St. Petersburg Times: Super Bowl XXXV
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    printer version

    McNabb has advice: Be confident in King

    By ROGER MILLS

    © St. Petersburg Times, published January 27, 2001


    He dissected the Bucs in the wild-card game and appears to be one of the game's most spectacular emerging talents. Eagles quarterback Donovan McNabb shares a few thoughtful offerings:

    RM: The Eagles fans took booing to a new level when you were selected on draft day. How did you handle it?

    DM: I looked at it more as a challenge. Whenever a new quarterback comes into town, especially at the start of a new era, with a new coach, a new offense, with a different look, you're going to receive some boos, you're going to receive people saying, "This is not the guy we should have gotten, we should have gotten another guy."

    RM: Yeah, but they really booed you!

    DM: They did, didn't they? They booed me a lot. But you know what, I just kept smiling because I'm that type of person. I'm not going to sit there and throw the finger up at you or argue with you. My job is to go out and play football and enjoy playing football. I know if I go out and do my job to the best of my ability, all of that was going to change. Just like it did.

    RM: Now what do they say?

    DM: People come up to me these days and pat me on the back and say, "That wasn't me who booed you on draft day." Hey, I don't know who it was. I don't know from a hole in the wall from whomever.

    RM: People say, "I'm just a quarterback." But isn't it special to be a part of a group of young and successful black players, in a position that has historically remained lily-white?

    DM: It's very special, knowing that as African-American quarterbacks we are opening the door, paving the way for some of the young guys who have dreams of making it to the next level. Guys like Michael Vick and Woody Dantzler. We've been able to push the door open a little wider, just like guys like Randall (Cunningham) and Warren Moon and Doug Williams did for us.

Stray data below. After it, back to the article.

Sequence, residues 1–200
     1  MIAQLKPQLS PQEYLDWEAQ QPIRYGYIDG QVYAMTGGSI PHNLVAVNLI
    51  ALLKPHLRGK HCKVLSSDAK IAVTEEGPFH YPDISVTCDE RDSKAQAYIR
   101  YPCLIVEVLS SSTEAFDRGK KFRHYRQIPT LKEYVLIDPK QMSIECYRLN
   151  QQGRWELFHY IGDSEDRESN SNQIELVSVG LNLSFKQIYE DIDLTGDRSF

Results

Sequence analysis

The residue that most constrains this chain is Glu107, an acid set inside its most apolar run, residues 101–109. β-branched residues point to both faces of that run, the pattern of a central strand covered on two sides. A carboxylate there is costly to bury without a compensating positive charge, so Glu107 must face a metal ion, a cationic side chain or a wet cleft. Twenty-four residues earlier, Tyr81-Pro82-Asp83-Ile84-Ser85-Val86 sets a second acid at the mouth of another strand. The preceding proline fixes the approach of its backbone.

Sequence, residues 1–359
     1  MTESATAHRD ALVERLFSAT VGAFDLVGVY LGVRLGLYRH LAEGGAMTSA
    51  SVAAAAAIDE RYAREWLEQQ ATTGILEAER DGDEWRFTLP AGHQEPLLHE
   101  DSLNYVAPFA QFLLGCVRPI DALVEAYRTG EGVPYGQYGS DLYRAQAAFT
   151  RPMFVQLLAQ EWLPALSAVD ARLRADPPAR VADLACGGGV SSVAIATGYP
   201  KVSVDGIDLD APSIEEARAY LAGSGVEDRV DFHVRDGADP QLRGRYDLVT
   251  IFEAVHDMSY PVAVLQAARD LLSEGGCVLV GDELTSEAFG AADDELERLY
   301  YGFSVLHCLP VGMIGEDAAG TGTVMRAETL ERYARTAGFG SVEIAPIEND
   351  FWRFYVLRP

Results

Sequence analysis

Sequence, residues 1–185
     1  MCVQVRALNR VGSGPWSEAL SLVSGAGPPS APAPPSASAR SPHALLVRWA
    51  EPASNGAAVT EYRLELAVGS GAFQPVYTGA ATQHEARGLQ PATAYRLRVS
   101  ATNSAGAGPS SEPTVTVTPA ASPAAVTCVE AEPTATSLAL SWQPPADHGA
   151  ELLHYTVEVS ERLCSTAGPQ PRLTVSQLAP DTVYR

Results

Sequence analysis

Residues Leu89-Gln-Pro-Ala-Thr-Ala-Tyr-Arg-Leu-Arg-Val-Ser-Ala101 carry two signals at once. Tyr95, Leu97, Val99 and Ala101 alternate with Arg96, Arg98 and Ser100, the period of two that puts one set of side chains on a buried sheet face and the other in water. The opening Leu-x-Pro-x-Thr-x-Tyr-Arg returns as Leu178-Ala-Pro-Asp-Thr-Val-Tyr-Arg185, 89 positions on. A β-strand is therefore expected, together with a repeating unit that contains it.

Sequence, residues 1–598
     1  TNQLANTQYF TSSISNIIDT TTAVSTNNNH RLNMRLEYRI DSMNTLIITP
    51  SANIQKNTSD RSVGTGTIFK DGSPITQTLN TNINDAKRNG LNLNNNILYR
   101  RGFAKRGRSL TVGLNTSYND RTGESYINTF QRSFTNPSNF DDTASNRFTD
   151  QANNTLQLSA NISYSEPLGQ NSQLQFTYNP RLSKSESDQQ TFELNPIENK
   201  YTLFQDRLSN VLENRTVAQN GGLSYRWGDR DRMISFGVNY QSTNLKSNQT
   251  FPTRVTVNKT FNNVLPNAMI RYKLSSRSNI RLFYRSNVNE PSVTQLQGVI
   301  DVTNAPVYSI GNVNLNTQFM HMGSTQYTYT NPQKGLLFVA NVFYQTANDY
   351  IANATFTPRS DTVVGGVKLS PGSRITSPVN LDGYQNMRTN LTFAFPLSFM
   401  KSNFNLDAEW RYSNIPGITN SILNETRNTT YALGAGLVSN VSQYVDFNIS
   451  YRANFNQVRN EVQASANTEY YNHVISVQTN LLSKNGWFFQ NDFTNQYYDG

RM: What's something people would be surprised to know about you?

    DM: I think the thing that would probably shock them is to know how young I am. I'm only 24 years old.

    RM: You can't rent a car!

    DM: True, I can't rent a car. I can own a few, but I can't rent one. It doesn't bother me, that's just the rules.

    RM: When you're lying in your bed at night, what do you dream about?

    DM: Waking up the next morning. Not a lot of people are able to do that. You just want to wake up the next morning, better yourself in everything you possibly want to get accomplished.

    RM: As a kid, who were your heroes?

    DM: My mother and father (Samuel and Wilma McNabb). They have been the two biggest supporters of my life. They've been there for me, for academics as well as athletics. They have been my No. 1 fans, as well as my No. 1 critics.

    RM: Who was the heavy?

    DM: My father. My father was the one who came down hard on me for the little mistakes. Sometimes I said, "I didn't really do anything that should come to this." But, I'll tell you, it definitely helped me get where I am right now.

    RM: You and Shaun King are good friends. Do you feel for him considering the ups and downs he's had so far?

    DM: I really do. But you know, there have been a lot of expectations on him, mainly because of the team that they have. But people have to realize that the guy has been thrown in and out, with different coordinators. The guy is just learning about the game.

    RM: True, but there are some second-year quarterbacks who were more productive passers.

    DM: Yeah, but this year (the Bucs) threw in a guy like Keyshawn Johnson. A big-time player, with a big-time name. A guy who has made his mark in the league. Now, the sparks aren't going to fly that early.

    RM: What's the solution?

    DM: Now the toughest thing for players is that they have to have confidence in Shaun King. He's their leader. If he's not on the same page with the offensive coordinator, the offense is not going to click. But I think Shaun's going to work extremely hard over the off-season and try to make sure he'll be on the same page with the coordinator.

    RM: Some say the quarterback has to chuck it downfield a bit more. You agree?

    DM: Yes. You have to throw the ball downfield and let the receiver make a play. That's what you have to do. You can't hold the ball too long, because that's when you get sacked. You have to go out and play football. Shaun's been able to do that and will get better. We're all young. We're all going to get better.

    RM: Did Vick do the right thing by leaving early for the NFL?

    DM: I talked to Mike during his process of going out for the draft. I hosted him when he came to Syracuse (on a recruiting trip). I told him the things he was able to do in college weren't flukes. If you're the No. 1 quarterback, it's time to go.

    RM: You've heard the questions about how he'll do in the NFL, though?

    DM: Of course there are questions, but there were questions about us when we came out. Here's a guy who's a project. He's the new wave of quarterback that you have to have. Guys aren't taking drop-back quarterbacks any more, who are sitting back there and getting hit in the head so much that they can't move. You end up putting your offense in such a bind that you end up going out and getting a high-priced backup, anyway.

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